--- This post is dedicated to a dear friend in angrezland. You know who you are --
This December, along with re-gain some modicum amount of control over my hands, I’ve embarked on another impossible task -- reading Indian fiction that makes the “best selling” list, it’s less condescending than it sounds. Classmates and friends have (rightly) complained about my preference of Subaltern literature, or any literary fiction that isn’t mainstream -- in distribution and in its ideology, such a hopeless hipster, as always -- which leave me with shelves of essays by Nivedita Menon and Richa Nagar, with most works of Spivak, Susie Tharu, Mahashveta Devi and Shauna Singh Baldwin but have never read any Chitra Banerjee or worse (gasp!) Shobha Dé -- the Queens of Feminist Writing in Fiction, I’m told. Shobha Dé and I will never see eye-to-eye, not since she came to my college in Mumbai proclaiming the fight for women’s rights has long been over for young women in Mumbai colleges and it’s only those rural women who have to yet be empowered. That said, whatever little I know of her work, she has sassy urban protagonists, who have sexual agency and at times even exhibit physical and bodily autonomy -- on some days that counts as feminism, no? In any case, I decided to read Chitra Banerjee’s A Palace of Illusions last week, most classmates and friends recommended this book because of the book’s reputation to “render the (otherwise) mute Draupadi in the patriarchal Mahabharat with a powerful voice”. I want to talk about this “giving a voice” business before we can get to the text itself. A decade ago, feminist academia was awash with “voicing” fringe groups -- for Indian feminist academia it was Dalit and tribal women -- for Eur-Am academia it was Third World Women. This is where the voice of a group becomes an intellectual and economic project for some, “global feminist networks” crop up for research and “solidarity building”. Interestingly, these networks are directly responsible for many Eur-Am feminists’ award winning theses; today, most of those networks have perished*. Interest in ‘fringe’ groups now has to be translated to issues around ‘identities’. Voicing, articulating a voice, becoming a voice that needs articulation -- none are innocent projects.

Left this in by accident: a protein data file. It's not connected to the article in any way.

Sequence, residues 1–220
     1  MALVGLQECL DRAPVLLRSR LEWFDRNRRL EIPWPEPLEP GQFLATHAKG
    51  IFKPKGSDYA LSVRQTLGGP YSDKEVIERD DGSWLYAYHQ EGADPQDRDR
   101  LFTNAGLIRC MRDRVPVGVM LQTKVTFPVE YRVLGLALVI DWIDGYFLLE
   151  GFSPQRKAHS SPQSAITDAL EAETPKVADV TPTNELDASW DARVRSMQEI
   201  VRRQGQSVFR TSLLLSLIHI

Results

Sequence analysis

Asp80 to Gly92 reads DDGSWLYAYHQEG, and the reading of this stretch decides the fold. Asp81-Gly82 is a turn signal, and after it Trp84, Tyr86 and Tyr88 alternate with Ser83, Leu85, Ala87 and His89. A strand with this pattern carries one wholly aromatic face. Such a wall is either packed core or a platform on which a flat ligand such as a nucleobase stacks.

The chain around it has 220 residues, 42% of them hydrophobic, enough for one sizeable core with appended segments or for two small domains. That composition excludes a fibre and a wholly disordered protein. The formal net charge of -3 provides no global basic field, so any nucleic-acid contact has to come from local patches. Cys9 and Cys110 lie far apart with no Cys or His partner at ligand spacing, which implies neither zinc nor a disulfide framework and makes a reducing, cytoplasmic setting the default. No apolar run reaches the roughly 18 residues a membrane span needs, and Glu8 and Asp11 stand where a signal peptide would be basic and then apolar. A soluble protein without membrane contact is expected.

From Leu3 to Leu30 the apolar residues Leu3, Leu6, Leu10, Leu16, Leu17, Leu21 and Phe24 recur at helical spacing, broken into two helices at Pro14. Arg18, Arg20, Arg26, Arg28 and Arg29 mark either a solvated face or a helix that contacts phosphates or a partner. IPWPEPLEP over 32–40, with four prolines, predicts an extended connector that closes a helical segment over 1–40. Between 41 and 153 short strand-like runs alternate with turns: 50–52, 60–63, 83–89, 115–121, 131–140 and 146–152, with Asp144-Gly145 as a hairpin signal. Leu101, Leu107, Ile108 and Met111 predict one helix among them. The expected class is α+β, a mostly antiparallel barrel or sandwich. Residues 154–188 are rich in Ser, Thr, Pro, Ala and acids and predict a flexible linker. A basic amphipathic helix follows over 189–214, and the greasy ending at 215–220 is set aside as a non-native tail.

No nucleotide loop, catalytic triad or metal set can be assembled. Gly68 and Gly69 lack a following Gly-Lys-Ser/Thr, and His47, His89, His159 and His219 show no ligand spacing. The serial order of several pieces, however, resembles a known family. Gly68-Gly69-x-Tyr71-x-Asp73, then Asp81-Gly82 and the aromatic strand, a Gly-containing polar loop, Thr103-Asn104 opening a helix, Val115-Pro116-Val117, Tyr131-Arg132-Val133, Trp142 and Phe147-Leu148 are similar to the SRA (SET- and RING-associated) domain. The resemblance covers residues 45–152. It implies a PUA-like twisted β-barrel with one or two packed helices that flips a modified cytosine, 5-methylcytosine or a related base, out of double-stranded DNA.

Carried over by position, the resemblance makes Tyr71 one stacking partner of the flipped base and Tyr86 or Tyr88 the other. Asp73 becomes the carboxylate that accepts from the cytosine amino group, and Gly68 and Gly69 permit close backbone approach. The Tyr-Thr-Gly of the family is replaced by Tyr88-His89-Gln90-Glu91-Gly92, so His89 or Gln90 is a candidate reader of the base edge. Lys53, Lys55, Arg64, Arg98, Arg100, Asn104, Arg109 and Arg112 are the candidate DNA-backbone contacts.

If the murky spaces of consent, negotiation of agency are not your preoccupation, Palace of Illusions sets open an ambitious project, it works within the framework of the Mahabharat, Draupadi still does and says all that she is supposed to, but this time she has a “back story” as the reviews promise. She’s a rebellious, moody, quirky and a dark heroine, ruled by her impulses -- decisions that eventually launches the Great War of Hastinapur. Her infamous derobing scene (where she is dragged in the court to be undressed in front of all the members of the Royal Court, including her five husbands who gambled her along with all their other belongings) is transformed to a tragedy, where her faith in Krishna saves her on the outside, but we get to see her strong willed thoughts even if Krishna had never enchanted her robe to never end. All of this is all and well, if “voicing” is all that you want to read and engage with. Banerjee’s work occupies an extremely strange position in society -- literary and otherwise -- for (most) Hindu nationalists love her (as they get to say, “See how great Indian women were in Ancient India? It’s only after the Muslim colonisation that we have become such degenerates”), for many feminists her book opens up a space for Draupadi to speak her mind, to ask a few feminist-y questions and for international publishers like Harper-Collins, Banerjee works as Orientalist (but not really because it’s written by an Indian herself!) project, where the book constantly interrupts itself to explain Hindu customs and traditions and for others, it’s a “fresh” perspective to an old tale -- the text is extremely aware of this balance and manages to hold attention too. But, if we were to question *who* can re-claim Draupadi’s voice (if at all), silences draw blanks.